6 DIY mustards

Go beyond the bun with homemade mustard recipes that kick up potatoes, grilled chicken, and deviled eggs

Rosemary thyme homemade mustard

Rosemary thyme mustard

Flavor profile: Thick, creamy, and intensely herby.

Good in:  Vinaigrettes. Also good rubbed under chicken skin before roasting and stirred into beef, lamb, or pork stew before the end of cooking.

Get the recipe: Rosemary thyme

Try it in: Grilled chicken Dijon

Cognac homemade mustard

Cognac mustard

Flavor profile: Slightly sweet; mellow, but with heat beneath.

Good in:  Roasted meats, especially pork and chicken; grilled ham and brie sandwiches; a side dish of sautéed mushrooms (mix in a spoonful of cream too).

Get the recipe: Cognac

Try it in: Deviled eggs with smoked salmon and two mustards

Ballpark beer mustard

Ballpark beer mustard

Flavor profile: Hot, with a pleasantly beery afterglow and a lemony tang.

Good in:  Hot dogs and burgers. Not surprisingly, it’s a great bridge to a nice cold beer.

Get the recipe: Ballpark beer mustard

Hot and tangy mustard

Hot and tangy mustard

Flavor profile: Feisty horseradish-like kick, tempered by acidity.

Good in: Just about everything—use in place of your favorite spicy table mustard.

Get the recipe: Hot and tangy mustard

Seeded agave nectar mustard

Seeded agave nectar mustard

Flavor profile: Similar to honey mustard, but with a softer sweetness. Toasted black mustard seeds give it crunch and intrigue.

Good in:  Chilled pork tenderloin; warm grilled potato salad.

Get the recipe: Seeded agave nectar mustard

Try it in: Deviled eggs with smoked salmon and two mustards

Spicy chipotle mustard

Spicy chipotle mustard

Flavor profile: Smoky and fruity from the chipotle chile, and fiery hot.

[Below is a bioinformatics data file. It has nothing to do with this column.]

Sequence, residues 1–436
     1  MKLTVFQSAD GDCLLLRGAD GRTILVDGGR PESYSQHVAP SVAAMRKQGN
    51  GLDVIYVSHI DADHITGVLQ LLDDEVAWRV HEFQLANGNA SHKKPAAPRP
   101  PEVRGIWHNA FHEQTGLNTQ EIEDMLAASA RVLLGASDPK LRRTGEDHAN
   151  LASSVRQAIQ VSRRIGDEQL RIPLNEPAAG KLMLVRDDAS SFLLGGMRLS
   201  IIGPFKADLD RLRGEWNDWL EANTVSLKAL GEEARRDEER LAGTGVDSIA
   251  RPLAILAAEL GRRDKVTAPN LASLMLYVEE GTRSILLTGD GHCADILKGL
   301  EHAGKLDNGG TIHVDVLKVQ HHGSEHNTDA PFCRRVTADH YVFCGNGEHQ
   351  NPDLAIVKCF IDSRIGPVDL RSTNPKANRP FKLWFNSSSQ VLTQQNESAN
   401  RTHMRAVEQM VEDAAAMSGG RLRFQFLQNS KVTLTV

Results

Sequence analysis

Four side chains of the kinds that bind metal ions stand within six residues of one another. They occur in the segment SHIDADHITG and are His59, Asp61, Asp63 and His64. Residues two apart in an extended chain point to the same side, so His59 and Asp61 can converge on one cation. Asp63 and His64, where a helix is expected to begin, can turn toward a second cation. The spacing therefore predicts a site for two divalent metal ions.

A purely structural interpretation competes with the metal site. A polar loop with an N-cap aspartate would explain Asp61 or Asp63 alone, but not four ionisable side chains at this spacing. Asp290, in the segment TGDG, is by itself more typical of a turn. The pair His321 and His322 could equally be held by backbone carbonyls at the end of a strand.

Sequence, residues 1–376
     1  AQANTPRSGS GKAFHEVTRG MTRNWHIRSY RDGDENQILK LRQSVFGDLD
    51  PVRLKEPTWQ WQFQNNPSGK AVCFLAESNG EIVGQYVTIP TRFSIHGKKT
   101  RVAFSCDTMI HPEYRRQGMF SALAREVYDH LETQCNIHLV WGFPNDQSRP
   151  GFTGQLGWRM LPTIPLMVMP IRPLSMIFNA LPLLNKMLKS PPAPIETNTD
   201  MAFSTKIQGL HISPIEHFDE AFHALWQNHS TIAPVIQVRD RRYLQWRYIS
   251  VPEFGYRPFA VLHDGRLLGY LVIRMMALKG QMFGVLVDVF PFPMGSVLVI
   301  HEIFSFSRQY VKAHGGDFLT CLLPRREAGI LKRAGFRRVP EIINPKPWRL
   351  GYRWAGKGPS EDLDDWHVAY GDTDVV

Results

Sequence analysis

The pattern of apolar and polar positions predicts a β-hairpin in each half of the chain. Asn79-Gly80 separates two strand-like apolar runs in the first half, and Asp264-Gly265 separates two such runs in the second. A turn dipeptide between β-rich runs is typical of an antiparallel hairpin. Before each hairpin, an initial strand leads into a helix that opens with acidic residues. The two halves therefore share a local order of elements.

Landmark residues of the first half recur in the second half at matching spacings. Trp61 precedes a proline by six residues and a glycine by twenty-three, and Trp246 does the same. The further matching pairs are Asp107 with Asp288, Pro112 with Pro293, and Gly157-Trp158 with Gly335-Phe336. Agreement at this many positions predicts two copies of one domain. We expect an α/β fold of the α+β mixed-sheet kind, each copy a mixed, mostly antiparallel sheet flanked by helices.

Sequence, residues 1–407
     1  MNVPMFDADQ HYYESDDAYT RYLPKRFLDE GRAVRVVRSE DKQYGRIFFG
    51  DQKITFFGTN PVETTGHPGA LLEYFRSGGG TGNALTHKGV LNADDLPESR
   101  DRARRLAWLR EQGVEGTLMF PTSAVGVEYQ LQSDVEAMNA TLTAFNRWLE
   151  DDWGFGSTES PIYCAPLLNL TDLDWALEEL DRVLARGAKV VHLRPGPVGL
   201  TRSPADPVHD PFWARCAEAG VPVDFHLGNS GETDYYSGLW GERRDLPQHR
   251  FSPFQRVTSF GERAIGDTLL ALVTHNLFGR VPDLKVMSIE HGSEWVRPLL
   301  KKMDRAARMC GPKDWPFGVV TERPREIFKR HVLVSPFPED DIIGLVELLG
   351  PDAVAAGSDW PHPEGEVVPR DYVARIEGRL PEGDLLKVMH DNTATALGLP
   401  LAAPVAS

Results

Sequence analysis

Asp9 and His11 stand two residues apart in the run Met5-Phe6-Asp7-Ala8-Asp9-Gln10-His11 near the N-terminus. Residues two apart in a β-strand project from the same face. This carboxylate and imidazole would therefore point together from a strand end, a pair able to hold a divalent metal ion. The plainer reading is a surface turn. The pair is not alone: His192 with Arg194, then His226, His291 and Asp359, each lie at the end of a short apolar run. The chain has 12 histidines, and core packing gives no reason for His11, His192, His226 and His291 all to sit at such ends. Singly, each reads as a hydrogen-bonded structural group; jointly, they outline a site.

Good in: Grilled chicken breasts; pita sandwiches with grilled lamb and arugula; beef tacos.

Get the recipe: Spicy chipotle mustard

Mustard plant

Mustard 101

Mustard seeds 
Use when you want a whole-grain, crunchy texture. The three types are yellow, aka white (Sinapis alba), the mildest and used mainly in American-style mustards and for pickling; brown (Brassica juncea), zestier and used in European-style mustards (like Dijon), for pickling, and in Indian cooking; and black (B. nigra), also used in Indian food; they’re interchangeable with the brown. Seeds need to soften in liquid for 1 to 2 days before you make mustard with them.

Mustard powder 
For silky smooth mustard. It’s nothing more than ground mustard seed, and the most common brand is Colman’s, a blend of brown and white seeds. Mix it with liquid (like water or beer) and let sit overnight to hydrate and develop flavor. Don’t let it sit longer, though, or it will taste harsh.

How long does homemade mustard keep? 
All are fine for at least 2 weeks, covered and chilled airtight. The flavor stays the same, but some mustards get a little thicker (whisk in a tiny bit of water to loosen it back up).

Boost flavor with mustard in these recipes:
Indian potatoes with black and yellow mustard seeds (left)
Grilled chicken Dijon
Deviled eggs with smoked salmon and two mustards

 

Printed from:
http://www.sunset.com/food-wine/homemade-mustard-recipes-00418000071159/